6. Diana in Texas

    Thanks once again, Jessica, for informing us of a newly discovered product by you and what you think of it – pros and cons. Will love to see what you post with your use of it.

  7. jessica

    I think you are well past beginning, Timaree. All the “doing” will make you better and better.

    I saw those new Golden watercolors, Jacqueline, but having just invested as much as I have in the M. Graham, I think I shall sit tight for awhile!

  8. Nancy Kvorka

    These are beautiful Jessica. And thanks for posting the palette. I need to get one for the Winsor Newton I recently purchased. Now of course I want some of these and I bet the Golden paints are great too!

  9. Bonnie

    Well, I went and bought two boxes and that pallet and I don’t even need any watercolors. You were my teacher and when you say jump, I jump! You haven’t steered me wrong yet. :-)
    Can’t wait for them to get here………Hey Timaree, you were in one of my classes.

  10. Ernie

    I just discovered some new (at least to me) watercolors that have made me switch from my beloved M. Graham’s – Mission Gold. They are incredible. I consider them the Inktense Pencils of the watercolor world. Extremely pigmented, super transparent and incredible colors. Even the cobalt blue is transparent. Now I’m running two palettes, one with Mission Gold and one with M. Graham.

  11. suzanne b

    Why did I read this thread!? Oh my……..how I want to get a set! Waving hi to Nan and Ernie……..and everyone else too!

  12. Nan

    Waving back at you, Suzanne and Ernie! The years pass but isn’t it great we are all still involved in arty stuff?!

  13. Toni

    i live way down in Key West and unless I go to Miami the couple of supply shops here are high priced. I am a beginner, could you please recommend some top picks for economical online shopping? Thank you!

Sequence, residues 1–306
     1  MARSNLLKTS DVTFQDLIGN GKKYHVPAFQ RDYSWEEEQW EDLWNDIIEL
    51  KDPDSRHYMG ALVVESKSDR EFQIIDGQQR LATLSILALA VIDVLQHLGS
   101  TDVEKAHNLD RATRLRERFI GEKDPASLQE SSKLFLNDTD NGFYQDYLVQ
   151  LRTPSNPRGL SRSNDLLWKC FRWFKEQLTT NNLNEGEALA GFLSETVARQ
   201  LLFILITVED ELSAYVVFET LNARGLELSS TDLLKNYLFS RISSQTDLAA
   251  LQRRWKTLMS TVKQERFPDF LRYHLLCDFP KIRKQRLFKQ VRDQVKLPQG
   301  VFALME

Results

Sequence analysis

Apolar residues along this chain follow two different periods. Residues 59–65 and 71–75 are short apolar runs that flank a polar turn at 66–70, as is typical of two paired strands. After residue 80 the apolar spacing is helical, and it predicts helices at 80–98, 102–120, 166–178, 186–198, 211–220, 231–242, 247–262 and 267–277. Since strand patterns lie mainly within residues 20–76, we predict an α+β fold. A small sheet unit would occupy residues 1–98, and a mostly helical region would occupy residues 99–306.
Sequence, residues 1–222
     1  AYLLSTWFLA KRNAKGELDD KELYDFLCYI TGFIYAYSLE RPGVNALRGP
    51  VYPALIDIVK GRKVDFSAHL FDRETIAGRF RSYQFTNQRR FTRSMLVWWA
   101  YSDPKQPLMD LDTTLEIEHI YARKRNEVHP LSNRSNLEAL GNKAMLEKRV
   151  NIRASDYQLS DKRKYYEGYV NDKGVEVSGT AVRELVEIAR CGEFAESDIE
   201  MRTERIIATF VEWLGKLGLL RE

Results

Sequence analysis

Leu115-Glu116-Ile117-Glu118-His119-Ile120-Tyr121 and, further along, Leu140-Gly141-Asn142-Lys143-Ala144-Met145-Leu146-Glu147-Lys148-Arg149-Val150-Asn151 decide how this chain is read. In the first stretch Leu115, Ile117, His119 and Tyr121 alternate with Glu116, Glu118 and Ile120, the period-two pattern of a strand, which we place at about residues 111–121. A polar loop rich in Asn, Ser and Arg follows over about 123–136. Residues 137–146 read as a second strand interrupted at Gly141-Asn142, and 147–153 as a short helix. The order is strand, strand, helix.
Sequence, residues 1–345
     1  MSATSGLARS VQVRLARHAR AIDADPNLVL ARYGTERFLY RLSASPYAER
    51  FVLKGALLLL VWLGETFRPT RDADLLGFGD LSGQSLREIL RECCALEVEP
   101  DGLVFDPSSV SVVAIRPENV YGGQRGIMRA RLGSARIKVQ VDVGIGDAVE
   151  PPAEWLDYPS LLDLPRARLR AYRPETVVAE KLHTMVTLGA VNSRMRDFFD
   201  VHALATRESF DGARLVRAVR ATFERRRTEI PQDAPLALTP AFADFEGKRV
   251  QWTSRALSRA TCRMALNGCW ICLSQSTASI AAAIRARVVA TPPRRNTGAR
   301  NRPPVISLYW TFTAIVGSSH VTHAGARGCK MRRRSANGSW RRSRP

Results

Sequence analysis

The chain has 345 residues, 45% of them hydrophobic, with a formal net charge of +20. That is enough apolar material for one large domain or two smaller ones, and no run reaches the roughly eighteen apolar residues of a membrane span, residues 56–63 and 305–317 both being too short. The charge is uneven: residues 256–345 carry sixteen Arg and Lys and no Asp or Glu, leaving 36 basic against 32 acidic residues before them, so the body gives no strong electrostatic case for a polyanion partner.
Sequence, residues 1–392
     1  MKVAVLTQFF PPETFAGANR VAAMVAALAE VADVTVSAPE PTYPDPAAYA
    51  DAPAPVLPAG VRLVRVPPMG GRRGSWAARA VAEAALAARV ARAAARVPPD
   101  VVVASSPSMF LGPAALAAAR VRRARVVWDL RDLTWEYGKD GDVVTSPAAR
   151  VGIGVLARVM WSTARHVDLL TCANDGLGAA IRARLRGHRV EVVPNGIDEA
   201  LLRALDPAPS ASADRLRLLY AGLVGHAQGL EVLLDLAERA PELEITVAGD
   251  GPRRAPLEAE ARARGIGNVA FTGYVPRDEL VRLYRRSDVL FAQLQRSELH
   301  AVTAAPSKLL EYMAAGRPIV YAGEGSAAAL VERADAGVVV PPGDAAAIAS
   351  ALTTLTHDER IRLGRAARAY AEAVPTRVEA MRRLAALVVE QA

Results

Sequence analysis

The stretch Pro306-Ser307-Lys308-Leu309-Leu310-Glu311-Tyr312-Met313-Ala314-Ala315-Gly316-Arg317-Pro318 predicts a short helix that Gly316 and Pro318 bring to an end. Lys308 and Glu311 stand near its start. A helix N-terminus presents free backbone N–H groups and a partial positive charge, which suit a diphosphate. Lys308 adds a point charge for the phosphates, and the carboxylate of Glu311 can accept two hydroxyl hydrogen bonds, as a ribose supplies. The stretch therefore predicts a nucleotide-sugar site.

14. Liliana

    Hi! I’m brazilian and I’ m having watercolor classes. Thanks for sharing your knowledge. I’ve never seen somebody on internet explaining why the expensive brands are better. Here professional brands of watercolor are imported and very expensive, so i’m using Cotman for my works (here it’is considered a good cost benefit and very better than the not professional cheaper brands we have). I have some HWC watercolors and they are realy good. If you’ve ever tried i recommend it. I’ve some guitar watercolor too and I discovered they are kinda ‘vintage’… cause they’re not produced anymore. I really wanted too know about how permanent it is, but i coudn’t discover yet.
    Sorry about my bad english.

  15. Cassandra

    I would love it if you could share the colour you use as I can’t see them very well in the picture and I would love to start getting some watercolours, but it is hard to know where to start.

  16. Stephanie

    Hi Jessica,

    Can you tell me the specific M graham colors you have in your 33 color pallet? I use many M Graham colors as I live in Oregon half the year where they are manufactured. They are a very good price in Oregon. The art stores will often sell them at a 40% discount with free give aways ( buy three get one). I really enjoy h.our blog. Thanks for writing.

    Stephanie

  17. Beulah

    C’est la fusillade la plus meurtrière de l’histoire des
    USA : elle a éclaté dimanche à deux heures du matin dans un evening-club gay, à Orlando,
    en Floride.

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  21. Valerie VanOrden

    I have tried m. Graham gouache as well as watercolor with excellent results. I get a bit overwhelmed with options and upgrades when shopping online for watercolor. I’ve tried Daniel Smith recently also with good results. Thank you for your blog. I do house portraits and calligraphy. I get chances to try all kinds of brands in class at Kalamazoo Institute of Art in Michigan.